April 21, 1918 the 109th left Camp
Hancock,NY and traveled t Camp Upton, Long Island,
NY. On May 2nd,1918 they embarked on troop
transports. They became part of a very large convoy.
During the trip overseas the 109th Inf Regt
experienced their first casualty of the war. Howard
G.Taylor Company "G" developed pneumonia and died.
The convoy docked in Liverpool, England and set up camp at Notty Ash. On May 19,1918 the 28th Inf Div set sail accross the English Channel. They arrived in Calais, France. The Division dispersed to various camps. During this period they received equipment. July 4,1918 the Division was ordered to move to the front lines to support French troops near Condeen. July 8,1918 they were ordered to another sector of the front lines. They were no longer in support. Now they had their own section to defend. Campaign Marne defenses known as the fifth German offensive seems to be the baptism of fire for the 109th. It was midnight, May 14,1918 when a terrific bombardment was the opening of the Great Battle, which followed early in the morning on May 15,1918 with an attack by the enemy on the whole front of this sector. The whole front line manned by Companies "L" and "M",109th Regt. was nearly annihilated. The Regiment held its ground even though they suffered large casualties and threw the enemy back with heavy losses . The 109th Regt. fought steady for 5 straight days and nights without rest, while being under constant artillary fire from the Germans. At this time the 109th Regt had no artillay support of their own. This line was the only barrier keeping the enemy from Paris. Thus the 28th Inf Div earned the nick name of "Iron Division".
On November 10,1918 the 28th Division moved Vigneullesles Hattonchatel under command of Col. Prescott.Who just assumed command of the 109th Regt. Col.Prescott set up his headquarters atthe Hassavant farm. The 2nd Battalion under command of Major Gregory advanced to attack. The 3rd Battalion remained in reserve at the crossroads. The 2nd Battalin ran into a nightmare. The enemy had elaborate defences set up. Conceteimplacements, several belts of barbed wire, heavyly mined, and supported by artillary and machine gun fire. Perserverence paid off. The attack was successful. The 2nd Battalion dug in and held its ground behind Ravdyrin. The next morning the 2nd Battalion attacked again. The armistice came at 11:00 AM. This attack cost the lives of 5 officers and 150 enlisteds. This was a heavy price to pay.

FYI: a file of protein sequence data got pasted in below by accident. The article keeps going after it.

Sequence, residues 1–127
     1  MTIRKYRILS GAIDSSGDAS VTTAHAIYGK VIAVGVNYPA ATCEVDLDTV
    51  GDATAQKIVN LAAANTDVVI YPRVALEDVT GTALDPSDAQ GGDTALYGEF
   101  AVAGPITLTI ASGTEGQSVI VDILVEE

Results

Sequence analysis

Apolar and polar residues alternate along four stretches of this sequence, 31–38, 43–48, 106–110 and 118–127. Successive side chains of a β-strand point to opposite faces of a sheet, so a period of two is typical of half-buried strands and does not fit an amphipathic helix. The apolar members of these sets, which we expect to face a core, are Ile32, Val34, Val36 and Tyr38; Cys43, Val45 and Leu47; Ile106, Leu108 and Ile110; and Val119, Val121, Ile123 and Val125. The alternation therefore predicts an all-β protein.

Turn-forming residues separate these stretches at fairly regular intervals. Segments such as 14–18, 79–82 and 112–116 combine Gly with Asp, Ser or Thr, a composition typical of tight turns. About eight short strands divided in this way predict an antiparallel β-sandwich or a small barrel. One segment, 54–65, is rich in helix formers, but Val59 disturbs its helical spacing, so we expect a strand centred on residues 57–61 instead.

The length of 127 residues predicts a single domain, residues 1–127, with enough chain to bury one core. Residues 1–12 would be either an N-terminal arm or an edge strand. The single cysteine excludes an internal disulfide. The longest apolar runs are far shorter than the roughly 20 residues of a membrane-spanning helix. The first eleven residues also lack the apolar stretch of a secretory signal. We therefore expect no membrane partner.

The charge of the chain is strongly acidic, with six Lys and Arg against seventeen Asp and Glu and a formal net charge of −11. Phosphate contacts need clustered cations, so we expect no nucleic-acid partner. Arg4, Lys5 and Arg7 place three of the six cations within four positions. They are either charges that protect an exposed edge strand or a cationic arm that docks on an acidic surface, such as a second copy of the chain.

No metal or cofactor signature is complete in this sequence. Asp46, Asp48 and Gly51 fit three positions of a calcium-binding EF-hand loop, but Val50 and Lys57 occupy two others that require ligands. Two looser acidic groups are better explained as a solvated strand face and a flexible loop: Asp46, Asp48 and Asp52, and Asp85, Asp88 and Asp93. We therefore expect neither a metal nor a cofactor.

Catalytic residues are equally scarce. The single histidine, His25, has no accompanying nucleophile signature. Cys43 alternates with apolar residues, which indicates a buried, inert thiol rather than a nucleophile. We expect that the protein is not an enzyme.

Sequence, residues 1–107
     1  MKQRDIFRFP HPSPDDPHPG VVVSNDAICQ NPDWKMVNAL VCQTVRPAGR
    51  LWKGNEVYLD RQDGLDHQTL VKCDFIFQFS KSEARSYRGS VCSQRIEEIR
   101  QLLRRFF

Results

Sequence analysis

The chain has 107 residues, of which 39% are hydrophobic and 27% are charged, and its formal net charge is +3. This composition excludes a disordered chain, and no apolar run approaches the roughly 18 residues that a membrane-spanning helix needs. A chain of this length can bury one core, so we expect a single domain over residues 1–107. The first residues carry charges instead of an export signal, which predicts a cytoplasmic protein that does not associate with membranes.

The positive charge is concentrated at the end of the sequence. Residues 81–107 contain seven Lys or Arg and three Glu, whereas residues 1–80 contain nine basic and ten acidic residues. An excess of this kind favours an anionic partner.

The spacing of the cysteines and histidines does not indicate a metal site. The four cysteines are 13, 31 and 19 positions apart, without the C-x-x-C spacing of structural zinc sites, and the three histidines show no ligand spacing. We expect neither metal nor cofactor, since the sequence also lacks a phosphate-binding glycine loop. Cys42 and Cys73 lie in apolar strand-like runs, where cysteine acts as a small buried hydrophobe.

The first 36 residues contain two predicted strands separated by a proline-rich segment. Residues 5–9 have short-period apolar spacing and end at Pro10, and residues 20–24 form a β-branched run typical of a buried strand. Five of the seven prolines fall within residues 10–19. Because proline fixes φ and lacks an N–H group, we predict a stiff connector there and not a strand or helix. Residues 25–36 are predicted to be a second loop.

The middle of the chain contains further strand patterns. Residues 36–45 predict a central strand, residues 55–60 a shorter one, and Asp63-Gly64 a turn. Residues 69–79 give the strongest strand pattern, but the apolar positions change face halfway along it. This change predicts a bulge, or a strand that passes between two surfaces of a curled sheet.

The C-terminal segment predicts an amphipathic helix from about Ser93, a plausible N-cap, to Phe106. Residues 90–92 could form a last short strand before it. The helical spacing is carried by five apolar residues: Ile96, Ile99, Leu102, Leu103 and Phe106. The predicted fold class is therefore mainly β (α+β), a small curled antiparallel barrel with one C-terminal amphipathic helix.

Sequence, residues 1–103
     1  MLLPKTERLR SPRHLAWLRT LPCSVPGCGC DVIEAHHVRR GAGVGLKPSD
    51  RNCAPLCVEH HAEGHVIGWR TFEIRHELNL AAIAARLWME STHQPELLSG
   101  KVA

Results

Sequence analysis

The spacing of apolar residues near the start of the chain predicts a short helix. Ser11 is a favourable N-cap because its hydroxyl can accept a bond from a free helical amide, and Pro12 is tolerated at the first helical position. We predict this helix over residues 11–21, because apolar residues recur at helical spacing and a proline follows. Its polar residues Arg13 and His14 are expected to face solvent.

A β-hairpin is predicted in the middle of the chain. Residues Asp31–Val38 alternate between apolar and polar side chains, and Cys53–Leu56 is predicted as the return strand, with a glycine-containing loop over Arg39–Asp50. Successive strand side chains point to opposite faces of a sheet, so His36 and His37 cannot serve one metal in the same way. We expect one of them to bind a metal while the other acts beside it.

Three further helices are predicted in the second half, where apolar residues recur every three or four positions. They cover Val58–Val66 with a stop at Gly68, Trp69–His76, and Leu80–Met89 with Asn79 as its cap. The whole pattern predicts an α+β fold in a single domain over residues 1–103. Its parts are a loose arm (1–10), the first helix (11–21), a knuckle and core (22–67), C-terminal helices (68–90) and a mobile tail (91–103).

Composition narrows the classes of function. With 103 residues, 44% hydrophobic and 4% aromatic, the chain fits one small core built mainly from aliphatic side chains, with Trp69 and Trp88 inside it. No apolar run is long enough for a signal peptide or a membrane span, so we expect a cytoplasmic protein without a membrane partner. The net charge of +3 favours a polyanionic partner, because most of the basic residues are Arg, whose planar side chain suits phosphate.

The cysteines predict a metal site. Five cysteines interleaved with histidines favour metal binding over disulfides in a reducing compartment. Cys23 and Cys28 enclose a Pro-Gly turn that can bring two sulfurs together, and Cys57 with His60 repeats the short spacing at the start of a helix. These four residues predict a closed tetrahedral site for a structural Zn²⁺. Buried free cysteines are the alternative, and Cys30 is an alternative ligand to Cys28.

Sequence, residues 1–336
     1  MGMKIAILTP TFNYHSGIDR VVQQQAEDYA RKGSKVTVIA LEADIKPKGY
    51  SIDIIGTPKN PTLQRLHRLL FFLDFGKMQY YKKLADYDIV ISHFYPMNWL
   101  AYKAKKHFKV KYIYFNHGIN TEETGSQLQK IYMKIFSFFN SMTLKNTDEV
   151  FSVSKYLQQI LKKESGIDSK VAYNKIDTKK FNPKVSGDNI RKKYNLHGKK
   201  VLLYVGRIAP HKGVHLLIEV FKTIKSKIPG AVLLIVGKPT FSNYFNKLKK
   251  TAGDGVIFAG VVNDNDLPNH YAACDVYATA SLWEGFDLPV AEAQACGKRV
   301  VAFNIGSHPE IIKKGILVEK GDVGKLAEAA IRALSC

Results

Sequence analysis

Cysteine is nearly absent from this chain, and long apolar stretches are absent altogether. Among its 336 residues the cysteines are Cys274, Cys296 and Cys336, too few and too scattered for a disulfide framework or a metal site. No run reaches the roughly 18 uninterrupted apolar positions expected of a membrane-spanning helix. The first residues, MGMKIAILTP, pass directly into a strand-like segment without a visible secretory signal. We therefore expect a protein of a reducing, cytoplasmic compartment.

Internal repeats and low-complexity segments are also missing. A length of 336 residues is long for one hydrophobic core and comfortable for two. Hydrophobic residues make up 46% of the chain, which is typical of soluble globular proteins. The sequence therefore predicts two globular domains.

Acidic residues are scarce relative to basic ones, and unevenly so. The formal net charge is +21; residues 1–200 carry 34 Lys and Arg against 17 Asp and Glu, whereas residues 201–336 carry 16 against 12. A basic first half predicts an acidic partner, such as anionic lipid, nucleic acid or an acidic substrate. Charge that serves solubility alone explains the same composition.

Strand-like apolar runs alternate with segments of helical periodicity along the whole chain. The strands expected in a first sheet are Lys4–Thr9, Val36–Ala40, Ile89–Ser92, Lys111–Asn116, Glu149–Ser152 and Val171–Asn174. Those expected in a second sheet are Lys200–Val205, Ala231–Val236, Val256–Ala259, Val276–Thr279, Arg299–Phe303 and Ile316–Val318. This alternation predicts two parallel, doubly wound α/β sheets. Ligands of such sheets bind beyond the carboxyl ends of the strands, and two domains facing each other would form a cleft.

After the war ended the 28th Inf Division was assigned duties in and around nothern France. These were mainly routine duties.
Around mid April,1919 the 28th Division received orders to return the United States. They arrived on May 3,1919. The Division reported in to Camp Dix in New Jersey. Replacements to the Division from other states were discharged. The remainder that were from Pennsylvania went to Philadelphia on May 15,1919 and led a parade.
The history of the 28th Inf Div does not end there. During the 2nd World War the 28th Division was again activated and served with honor. The 28th earned another nick name during the battle of the Bulge. That nick name was "Bloody Bucket Division" The Division put the fear of God into the enemy.An account of their exploits are noted elsewhere in this web site.
The information above came from records kept by a former member of the 109th Inf Regt. His name George Iyoob Jr. from Mayfield, PA. The records were kept by his 2 sons, George and William, who made them available in order to put them on this web site. Thank you William and George Iyoob.